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COVID-19 Status Update? Sounds Like Credential Theft.

By Adam Martin, Cofense Phishing Defense Center

As self-testing via antigen and professional testing via PCR have become more common across many sectors of society, so has status-based phishing. Just as COVID-19 guidelines have evolved, so have threat actor phishing tactics. This recent Office365 credential harvesting campaign utilizes the topic of potential repercussions if the status form isn’t completed. A classic tactic of creating panic in the end user, this ploy threatens financial or other penalties if a certain urgent task isn’t completed.

The phishing email for this campaign plays on fear and conveys urgency. It uses a relevant topic — COVID-19 – demanding completion of a form to disclose information, and it includes the threat of some form of reprisal for noncompliance. The email is tailored to the target organization, complete with branding. However, illustrated in Figure 1, the “Covid Form” button will direct the user outside of any authentic corporate environment. The initial “svc[.]dynamics[…]” link will redirect the user to an external domain once the button is pressed.

Figure 1: Email Body

Figure 2: Phishing Page

The unsuspecting user, having clicked on the link, will be directed to the phishing page seen in Figure 2. As can be seen from the URL, this page is not a legitimate Microsoft website and the domain is being hosted from a Russian TLD (.ru). The information box is spoofed with target company branding along with the affiliation to Microsoft, shown in the tab logo. The most glaring giveaway is the URL base address, in tandem with the randomized look of the rest of the URL path.

The user is given the prompt to enter their password as “sensitive information” is being accessed. Once the password is entered, this information is exfiltrated to an external server. Another indicator of the illegitimacy of this service is the fact that there isn’t any typical email login option. We noted the absence of “have you forgotten your password,” “Contact” and any semblance of a help menu as would typically be seen with legitimate services. Regardless of the password entered, the page will return an error for incorrect password and run this error in a loop.

Figure 3: Whois Records

The sender address “[email protected][.]net” found in Figure 1 and references in Figure 3 is relatively new. What also draws attention is the technical contact page. The contact address looks to be randomized, and the phone number is unusable.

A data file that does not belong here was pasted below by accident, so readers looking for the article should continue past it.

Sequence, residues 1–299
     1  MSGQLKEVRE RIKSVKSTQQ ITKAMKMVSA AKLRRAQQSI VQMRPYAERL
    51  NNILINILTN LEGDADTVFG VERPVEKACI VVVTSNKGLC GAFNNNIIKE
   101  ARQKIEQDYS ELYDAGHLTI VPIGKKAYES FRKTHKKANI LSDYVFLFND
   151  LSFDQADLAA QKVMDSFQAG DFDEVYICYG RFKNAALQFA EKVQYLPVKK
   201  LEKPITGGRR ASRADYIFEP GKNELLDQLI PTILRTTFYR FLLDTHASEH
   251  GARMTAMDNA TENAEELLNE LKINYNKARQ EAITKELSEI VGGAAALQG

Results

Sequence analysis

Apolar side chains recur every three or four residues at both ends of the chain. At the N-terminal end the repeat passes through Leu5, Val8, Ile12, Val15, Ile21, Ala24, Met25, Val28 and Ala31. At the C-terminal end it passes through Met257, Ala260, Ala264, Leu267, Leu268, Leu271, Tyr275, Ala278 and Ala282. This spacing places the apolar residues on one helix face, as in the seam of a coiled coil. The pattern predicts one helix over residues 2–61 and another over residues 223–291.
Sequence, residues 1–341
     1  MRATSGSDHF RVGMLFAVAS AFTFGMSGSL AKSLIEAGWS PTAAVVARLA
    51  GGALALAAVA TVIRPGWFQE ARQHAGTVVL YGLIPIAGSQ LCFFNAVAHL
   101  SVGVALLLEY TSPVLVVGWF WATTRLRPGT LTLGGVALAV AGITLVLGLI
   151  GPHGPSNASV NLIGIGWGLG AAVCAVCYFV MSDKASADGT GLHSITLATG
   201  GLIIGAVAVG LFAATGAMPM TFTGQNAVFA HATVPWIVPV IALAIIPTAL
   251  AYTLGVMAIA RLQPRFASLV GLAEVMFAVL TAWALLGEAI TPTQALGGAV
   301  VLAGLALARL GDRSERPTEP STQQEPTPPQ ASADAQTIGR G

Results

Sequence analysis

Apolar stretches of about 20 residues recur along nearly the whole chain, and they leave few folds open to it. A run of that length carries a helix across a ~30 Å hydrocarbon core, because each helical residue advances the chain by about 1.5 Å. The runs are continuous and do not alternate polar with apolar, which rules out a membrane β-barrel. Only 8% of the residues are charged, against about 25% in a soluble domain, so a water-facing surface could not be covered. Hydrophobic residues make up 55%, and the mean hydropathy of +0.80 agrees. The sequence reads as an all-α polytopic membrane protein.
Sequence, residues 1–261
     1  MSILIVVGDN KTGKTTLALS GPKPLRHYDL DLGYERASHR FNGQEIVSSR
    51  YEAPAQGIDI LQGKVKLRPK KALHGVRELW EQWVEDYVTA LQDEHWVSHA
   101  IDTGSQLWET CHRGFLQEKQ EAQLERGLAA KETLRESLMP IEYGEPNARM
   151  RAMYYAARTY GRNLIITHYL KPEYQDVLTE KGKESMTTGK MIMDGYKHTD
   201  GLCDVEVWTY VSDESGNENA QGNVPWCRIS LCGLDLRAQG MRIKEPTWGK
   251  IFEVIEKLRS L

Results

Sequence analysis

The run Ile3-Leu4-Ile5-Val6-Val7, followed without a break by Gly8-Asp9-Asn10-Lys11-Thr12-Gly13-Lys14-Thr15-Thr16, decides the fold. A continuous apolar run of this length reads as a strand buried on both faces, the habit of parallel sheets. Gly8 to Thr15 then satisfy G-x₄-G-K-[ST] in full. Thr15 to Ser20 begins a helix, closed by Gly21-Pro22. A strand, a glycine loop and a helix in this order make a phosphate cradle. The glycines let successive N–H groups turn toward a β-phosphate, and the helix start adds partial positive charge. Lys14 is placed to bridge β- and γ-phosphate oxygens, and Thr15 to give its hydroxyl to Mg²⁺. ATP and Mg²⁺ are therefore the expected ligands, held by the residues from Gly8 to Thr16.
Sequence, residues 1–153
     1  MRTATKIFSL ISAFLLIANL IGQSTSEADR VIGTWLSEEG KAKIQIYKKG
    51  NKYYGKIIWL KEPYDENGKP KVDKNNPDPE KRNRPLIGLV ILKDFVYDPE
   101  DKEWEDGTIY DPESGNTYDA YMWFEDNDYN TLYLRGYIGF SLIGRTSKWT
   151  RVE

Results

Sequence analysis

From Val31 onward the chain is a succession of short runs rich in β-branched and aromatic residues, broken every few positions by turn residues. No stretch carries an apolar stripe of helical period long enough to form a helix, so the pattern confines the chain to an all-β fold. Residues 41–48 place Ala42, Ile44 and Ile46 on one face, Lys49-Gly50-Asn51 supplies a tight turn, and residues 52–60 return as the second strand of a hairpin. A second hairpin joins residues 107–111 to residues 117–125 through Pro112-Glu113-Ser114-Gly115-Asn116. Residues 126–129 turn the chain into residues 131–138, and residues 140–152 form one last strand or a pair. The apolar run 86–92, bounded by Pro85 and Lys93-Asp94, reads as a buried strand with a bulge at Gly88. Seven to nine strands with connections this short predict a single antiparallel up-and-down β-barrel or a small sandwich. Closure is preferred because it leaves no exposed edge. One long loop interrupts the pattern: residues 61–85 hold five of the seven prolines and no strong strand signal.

As the world adapts to COVID, with different measures of detection and status declaration, so too adapts the world of credential phishing. As with most of the traffic seen here at the PDC, automated detection systems still underperform when compared to human analysis. With testing becoming more the norm, it is likely that phishing lures will exploit this trend. The driving factor behind the success of such a lure is the fact that a large number of employees are accessing or uploading these results for travel or other purposes. It’s not beyond the realm of possibility that a recipient would be panicked into revealing credentials if threatened with loss of access to work resources. Cofense continues to monitor these and disposition these threats. We can help your company, too. To find out how, contact us to learn more.

Indicators of Compromise IP
hXXps://015e86e84bce4534a8a6f8e57cc4bd23[.]svc[.]dynamics[.]com/t/r/7HK
qRHWPuvayNfeu9O0COW3Y3T6s9OwbRCRs3Zuq1N4
104[.]40[.]78[.]147
hXXps://636500[.]selcdn[.]ru/scans3/bbdef085359361/covid_form.htm?
ioxwrxnaerll&auth=&7589cf-3ac6-4e1c-9e2a-
babd0161c3c4&utm_source=mail&utm_campaign=&utm_medium=u=589a04
49d04476c8af0f92bc7&id=ca92440317&e=c5cec25e50BgVtWAzsQmMcaL3z
BjzlZ2TJR&
92[.]53[.]68[.]201
92[.]53[.]68[.]203
92[.]53[.]68[.]202
92[.]53[.]68[.]205
92[.]53[.]68[.]204

All third-party trademarks referenced by Cofense whether in logo form, name form or product form, or otherwise, remain the property of their respective holders, and use of these trademarks in no way indicates any relationship between Cofense and the holders of the trademarks. Any observations contained in this blog regarding circumvention of end point protections are based on observations at a point in time based on a specific set of system configurations. Subsequent updates or different configurations may be effective at stopping these or similar threats. Past performance is not indicative of future results.

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